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Discussion Starter #1
Is there an upgraded condensor that will fit these older K bodies and their descendants? I am getting ready to put mine back together soon and have figured out a way to get a bigger cooling fan system for it. I have to go to a front of the condensor mount in order to get full coverage due to the turbo-II intercooler. I have a nice dual fan with two speeds and a control system (factory relay for low, additional relay operated by a pressure switch from a 1993 Caravan for high). I know the original condensor was so-so on R12, and damn near unusable with R134. I am hoping someone knows if the replacements are better than the originals.
 

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. . . . Is there an upgraded condensor that will fit these older K bodies and their descendants? . . . .
Typically replacement A C condensers for older vehicles that originally used R12 refrigerant are upgraded in aftermarket supply. If the OEM condenser was a serial tube and fin, the replacement is most likely a parallel flow or serpentine flow for greater heat transfer. Are you going to use the original condenser or is it damaged / leaking and needs to be replaced?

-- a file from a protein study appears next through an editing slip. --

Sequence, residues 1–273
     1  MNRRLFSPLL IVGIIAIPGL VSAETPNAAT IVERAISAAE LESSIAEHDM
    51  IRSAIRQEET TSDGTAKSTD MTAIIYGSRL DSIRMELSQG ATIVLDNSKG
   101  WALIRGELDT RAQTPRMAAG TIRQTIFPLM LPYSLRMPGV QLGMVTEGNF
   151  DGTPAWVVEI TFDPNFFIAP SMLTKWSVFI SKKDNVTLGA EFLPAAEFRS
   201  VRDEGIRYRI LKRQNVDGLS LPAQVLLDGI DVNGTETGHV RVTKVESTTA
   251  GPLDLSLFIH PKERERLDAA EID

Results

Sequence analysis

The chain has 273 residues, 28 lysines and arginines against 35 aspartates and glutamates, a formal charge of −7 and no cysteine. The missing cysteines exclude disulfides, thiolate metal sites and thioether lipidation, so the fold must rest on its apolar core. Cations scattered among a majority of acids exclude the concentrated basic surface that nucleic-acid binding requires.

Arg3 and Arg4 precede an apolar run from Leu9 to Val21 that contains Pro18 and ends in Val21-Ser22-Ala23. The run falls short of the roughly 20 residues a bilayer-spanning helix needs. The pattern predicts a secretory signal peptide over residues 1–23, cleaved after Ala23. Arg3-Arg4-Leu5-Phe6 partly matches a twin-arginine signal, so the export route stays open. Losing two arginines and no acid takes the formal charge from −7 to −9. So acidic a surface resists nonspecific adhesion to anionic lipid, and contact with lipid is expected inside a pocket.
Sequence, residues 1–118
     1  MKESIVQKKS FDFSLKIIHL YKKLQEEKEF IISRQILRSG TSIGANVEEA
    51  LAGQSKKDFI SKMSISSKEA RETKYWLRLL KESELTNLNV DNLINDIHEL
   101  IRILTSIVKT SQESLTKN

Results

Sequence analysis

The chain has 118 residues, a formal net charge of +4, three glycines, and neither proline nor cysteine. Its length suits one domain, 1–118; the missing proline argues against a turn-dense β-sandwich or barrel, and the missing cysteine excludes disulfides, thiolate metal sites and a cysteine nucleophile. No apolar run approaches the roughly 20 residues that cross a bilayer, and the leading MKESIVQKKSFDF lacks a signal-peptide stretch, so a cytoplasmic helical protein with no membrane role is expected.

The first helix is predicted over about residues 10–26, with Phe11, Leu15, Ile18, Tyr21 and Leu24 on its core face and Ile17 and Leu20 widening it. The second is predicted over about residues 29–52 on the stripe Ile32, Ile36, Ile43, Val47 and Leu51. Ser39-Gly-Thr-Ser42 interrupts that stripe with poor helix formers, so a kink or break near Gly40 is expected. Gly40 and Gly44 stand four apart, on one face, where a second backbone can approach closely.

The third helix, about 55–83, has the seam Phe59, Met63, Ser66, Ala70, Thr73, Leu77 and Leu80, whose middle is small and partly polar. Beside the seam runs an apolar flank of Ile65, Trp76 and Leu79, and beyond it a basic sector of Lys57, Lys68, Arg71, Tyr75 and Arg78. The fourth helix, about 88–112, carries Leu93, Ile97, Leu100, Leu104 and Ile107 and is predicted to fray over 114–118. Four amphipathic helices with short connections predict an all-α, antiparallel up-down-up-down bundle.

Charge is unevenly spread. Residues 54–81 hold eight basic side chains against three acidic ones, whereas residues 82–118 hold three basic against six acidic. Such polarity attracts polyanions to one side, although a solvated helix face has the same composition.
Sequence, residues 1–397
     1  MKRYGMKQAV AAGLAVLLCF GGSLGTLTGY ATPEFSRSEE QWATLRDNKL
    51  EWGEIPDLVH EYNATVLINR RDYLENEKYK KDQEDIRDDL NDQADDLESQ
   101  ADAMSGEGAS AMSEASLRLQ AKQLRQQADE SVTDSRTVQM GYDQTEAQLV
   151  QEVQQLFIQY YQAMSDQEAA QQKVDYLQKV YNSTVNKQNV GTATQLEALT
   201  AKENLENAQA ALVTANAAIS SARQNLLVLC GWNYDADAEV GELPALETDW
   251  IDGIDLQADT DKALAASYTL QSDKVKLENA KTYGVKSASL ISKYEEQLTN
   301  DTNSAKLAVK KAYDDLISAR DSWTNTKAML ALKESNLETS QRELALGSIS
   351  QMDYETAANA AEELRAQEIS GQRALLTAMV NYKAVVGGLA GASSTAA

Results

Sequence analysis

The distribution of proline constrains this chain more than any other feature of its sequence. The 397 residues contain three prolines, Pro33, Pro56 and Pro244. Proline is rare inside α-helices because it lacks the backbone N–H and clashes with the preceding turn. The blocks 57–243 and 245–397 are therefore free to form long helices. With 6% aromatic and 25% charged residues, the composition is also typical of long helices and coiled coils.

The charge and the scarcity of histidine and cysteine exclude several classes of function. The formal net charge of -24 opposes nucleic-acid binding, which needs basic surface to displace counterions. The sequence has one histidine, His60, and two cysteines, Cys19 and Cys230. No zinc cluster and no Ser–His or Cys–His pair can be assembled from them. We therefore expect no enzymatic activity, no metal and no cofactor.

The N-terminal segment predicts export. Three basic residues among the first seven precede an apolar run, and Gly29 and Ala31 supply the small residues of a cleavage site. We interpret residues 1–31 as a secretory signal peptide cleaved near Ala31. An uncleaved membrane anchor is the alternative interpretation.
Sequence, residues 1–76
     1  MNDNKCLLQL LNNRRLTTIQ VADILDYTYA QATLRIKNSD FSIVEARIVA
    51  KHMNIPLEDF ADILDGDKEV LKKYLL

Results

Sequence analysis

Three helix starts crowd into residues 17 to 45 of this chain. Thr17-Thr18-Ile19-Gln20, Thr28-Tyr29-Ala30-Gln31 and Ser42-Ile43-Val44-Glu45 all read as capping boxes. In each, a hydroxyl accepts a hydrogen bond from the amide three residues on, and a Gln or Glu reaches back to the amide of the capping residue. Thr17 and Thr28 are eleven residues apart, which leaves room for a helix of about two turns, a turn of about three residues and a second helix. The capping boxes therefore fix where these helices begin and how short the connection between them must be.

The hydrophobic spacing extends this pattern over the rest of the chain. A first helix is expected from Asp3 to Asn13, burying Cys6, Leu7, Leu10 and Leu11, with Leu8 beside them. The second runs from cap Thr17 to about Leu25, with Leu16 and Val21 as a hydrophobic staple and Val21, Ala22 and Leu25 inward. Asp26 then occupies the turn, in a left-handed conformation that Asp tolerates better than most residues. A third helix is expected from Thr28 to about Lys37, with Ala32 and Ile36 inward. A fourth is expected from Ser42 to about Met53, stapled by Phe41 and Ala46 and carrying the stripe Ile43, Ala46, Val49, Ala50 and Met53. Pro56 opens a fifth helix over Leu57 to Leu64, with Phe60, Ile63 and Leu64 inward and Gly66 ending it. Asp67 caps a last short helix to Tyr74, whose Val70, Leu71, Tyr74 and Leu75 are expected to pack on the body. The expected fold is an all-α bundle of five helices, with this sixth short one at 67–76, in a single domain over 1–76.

If the original condenser is not damaged and is known not to leak then I would suggest you convert the air conditioning system to R134a refrigerant and use the original condenser. Then monitor suction and discharge pressure when in use and engine idling. Some condensers designed for R12 will still provide adequate heat transfer with R134a refrigerant.
 

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Did that on the 1985, never could get the head pressure down at a stoplight due to the fan system on the turbo-II setup. Old condensor is an unknown quantity, considering everything else on this car, I wouldn't trust it anyway, 32 years old to begin with. My local A/C guy told me about the replacements when I pinged him this evening. I don't particularly want to do it twice and already have engineered a better fan system. Even with the multi-blade fan and a new motor it doesn't pull enough through since the radiator is Omni sized and the intercooler precludes using a wider fan or shroud. I have modified a Ford Contour fan to a pusher to go in front of the condensor, it is a dual 10" two speed assembly and definitely moves some air.
 

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A C condenser / heat exchanger is rated in rated in BTU / hr heat transfer. You would need to compare the specifications for the OEM condenser versus a modern replacement. It is probably impossible to find the design specifications as a lay person.

Your idea to supplement additional air flow with pusher fans is probably a good solution. Only concern I would add is the increased electrical load placed on the vehicle at idle with 2 additional electric fans running. Current draw might be in the range of 10 - 15 amps and might cause a discharged battery if you do a lot of city, slow speed driving. You might need to upgrade the amp output of the alternator.